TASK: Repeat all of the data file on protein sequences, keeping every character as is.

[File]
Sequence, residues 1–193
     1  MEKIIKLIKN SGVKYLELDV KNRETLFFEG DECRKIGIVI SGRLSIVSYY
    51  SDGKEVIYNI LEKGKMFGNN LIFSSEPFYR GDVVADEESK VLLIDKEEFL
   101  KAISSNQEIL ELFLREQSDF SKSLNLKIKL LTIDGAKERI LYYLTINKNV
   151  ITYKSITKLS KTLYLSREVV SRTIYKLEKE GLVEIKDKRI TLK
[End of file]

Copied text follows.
Sequence, residues 1–193
     1  MEKIIKLIKN SGVKYLELDV KNRETLFFEG DECRKIGIVI SGRLSIVSYY
    51  SDGKEVIYNI LEKGKMFGNN LIFSSEPFYR GDVVADEESK VLLIDKEEFL
   101  KAISSNQEIL ELFLREQSDF SKSLNLKIKL LTIDGAKERI LYYLTINKNV
   151  ITYKSITKLS KTLYLSREVV SRTIYKLEKE GLVEIKDKRI TLK